How to Prepare for the Rithm Technical Interview December 08, 2016
One of the most common questions we get from prospective students is, “how do I prepare for the technical interview?” In this post, we’ll outline what we look for and what you need know in order to be successful. But first, let’s make sure you understand how the interview works.
How it works:
A typical technical interview at Rithm first involves a conversation with our Director of Operations and an instructor. Before we start solving problems together, we offer our applicants the opportunity to ask some questions about our program or even get some help with problems they are trying to solve. Remember, the interview is just as much an opportunity for you to see what it’s like working with us.
Next, we have applicants head over to the whiteboard and we start discussing a problem to solve. We encourage applicants to take a minute before writing any code to understand the problem statement and brainstorm some potential solutions with us. It is also important to note that there is almost always more than one correct solution. We’ve even had applicants come up with solutions we could have never imagined!
What we look for:
Completing all of the exercises is not only essential for your learning, but many times we ask candidates to go over their solutions and walk us through their code and thought process. If you’ve finished the online course and are looking for more resources and practice problems, we find LeetCode and Codewars to be some of the best ones out there. You should be comfortable solving 8 kyu and 7 kyu problems on Codewars, and if you can push yourself to complete a 6 kyu, you’ll be in great shape.
Problem Solving Ability
In order to succeed as a developer, you need to be able to solve problems. Our interview questions do not require a tremendous amount of previous knowledge, but we do emphasize problem solving in the interview. If you’re feeling a bit nervous about this, know that problem solving is a skill that can be improved with practice and time. If you’re not feeling strong with your problem solving skills, we have a Series on Problem Solving to help you get started.
Communication and Coachability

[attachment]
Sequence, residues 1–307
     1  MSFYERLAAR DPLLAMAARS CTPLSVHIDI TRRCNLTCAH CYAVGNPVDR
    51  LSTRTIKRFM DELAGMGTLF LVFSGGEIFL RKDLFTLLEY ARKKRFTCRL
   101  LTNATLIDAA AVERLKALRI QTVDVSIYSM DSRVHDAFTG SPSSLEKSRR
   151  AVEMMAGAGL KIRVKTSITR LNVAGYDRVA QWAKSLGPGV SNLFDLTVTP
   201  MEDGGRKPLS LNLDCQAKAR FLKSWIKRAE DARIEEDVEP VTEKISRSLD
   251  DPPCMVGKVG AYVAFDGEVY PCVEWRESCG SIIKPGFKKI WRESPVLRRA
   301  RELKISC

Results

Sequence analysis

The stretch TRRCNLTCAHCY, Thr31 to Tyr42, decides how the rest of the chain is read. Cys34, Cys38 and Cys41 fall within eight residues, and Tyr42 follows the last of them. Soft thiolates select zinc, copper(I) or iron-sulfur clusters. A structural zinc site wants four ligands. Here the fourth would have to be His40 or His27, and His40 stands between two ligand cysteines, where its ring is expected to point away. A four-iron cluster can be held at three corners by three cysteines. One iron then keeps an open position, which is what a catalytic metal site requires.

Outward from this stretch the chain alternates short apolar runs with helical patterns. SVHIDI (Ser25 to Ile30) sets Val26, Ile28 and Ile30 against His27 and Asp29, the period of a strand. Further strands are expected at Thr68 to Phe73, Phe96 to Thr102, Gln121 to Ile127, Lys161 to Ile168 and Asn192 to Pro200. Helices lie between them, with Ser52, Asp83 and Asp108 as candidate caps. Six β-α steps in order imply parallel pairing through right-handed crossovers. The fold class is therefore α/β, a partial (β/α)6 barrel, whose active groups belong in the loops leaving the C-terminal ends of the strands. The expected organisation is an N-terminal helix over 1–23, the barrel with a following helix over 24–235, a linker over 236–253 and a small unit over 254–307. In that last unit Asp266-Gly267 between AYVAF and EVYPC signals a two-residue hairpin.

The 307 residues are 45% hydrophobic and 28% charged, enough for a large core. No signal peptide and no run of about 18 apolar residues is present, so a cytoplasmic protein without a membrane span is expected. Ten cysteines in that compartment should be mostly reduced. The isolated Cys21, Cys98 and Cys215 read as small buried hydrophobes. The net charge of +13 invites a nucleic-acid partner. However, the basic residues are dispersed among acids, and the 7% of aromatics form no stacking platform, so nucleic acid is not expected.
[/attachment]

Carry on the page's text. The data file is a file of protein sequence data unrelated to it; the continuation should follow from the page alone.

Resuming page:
Aside from the technical aspects, there are a few important behavioral factors that we heavily consider. When interviewing, we look for students who are communicative. As you’re coding a solution or whiteboarding, it’s essential that you talk to us and explain what you are doing.
We’re also looking to see how you respond to feedback. It’s very likely that you may get stuck or frustrated with a problem and we look to see how you respond to that challenge. If you’re not sure how to solve a problem make sure you let us know! Answering a question with “I don’t know” is absolutely fine as long as you work with us to figure out a solution.
What we don’t look for:
Your Prior Background
We’re not focused on your prior background. Some of the best students that we’ve ever taught have been artists, elementary school teachers, and massage therapists. Our focus as interviewers is to determine your knowledge of the fundamentals, your ability to solve problems, and how well we both work together.
Knowledge of Advanced Concepts
You will not get questions on more advanced concepts like the keyword this, functions like call, apply, and bind, object oriented programming, or functional programming. We strongly believe that if you have the drive to learn and are able solve problems, we can teach you the rest.
Not Taking Enough Time To Learn the Fundamentals
One of the most common mistakes we see with applicants are those that underestimate the time required to learn the fundamentals. When learning the fundamentals, it’s essential that you practice typing and running code, not just reading. A portion of learning the basics is actually the muscle memory and memorization of syntax and how things work.
When you’re preparing for the interview, try coding in an environment where you don’t have syntax highlighting and code completion. To really challenge yourself, try hand-writing the solution to a problem (then code your solution to see if it works). This will force you to master syntax and will prepare you even more for whiteboarding interviews.
Jumping Into Code Too Quickly
Another common mistake we see is when students that jump into code too quickly. When solving a problem, it’s important to talk about your thought process, what potential issues might arise, and what your expected input and output will be. Remember, there’s no rush to find the right answer. We’re much more interested in your ability to reason and think about solving problems than how quickly you can write a solution.
Trying to Learn it All
The last common mistake we see with applicants is trying to learn more advanced concepts without understanding the fundamentals. We’ve seen many applicants who will attempt to learn advanced concepts and try to apply them during the interview, but struggle to demonstrate a knowledge of the fundamentals. Even though it may be tedious, mastering the basics is essential for learning and truly understanding more advanced concepts in any programming language.
What happens next:
After the interview we make sure to answer any questions that you have and get back to you with a decision in 24-48 hours. As always, if you have any questions, be sure to chat with us on the site.
Written by Elie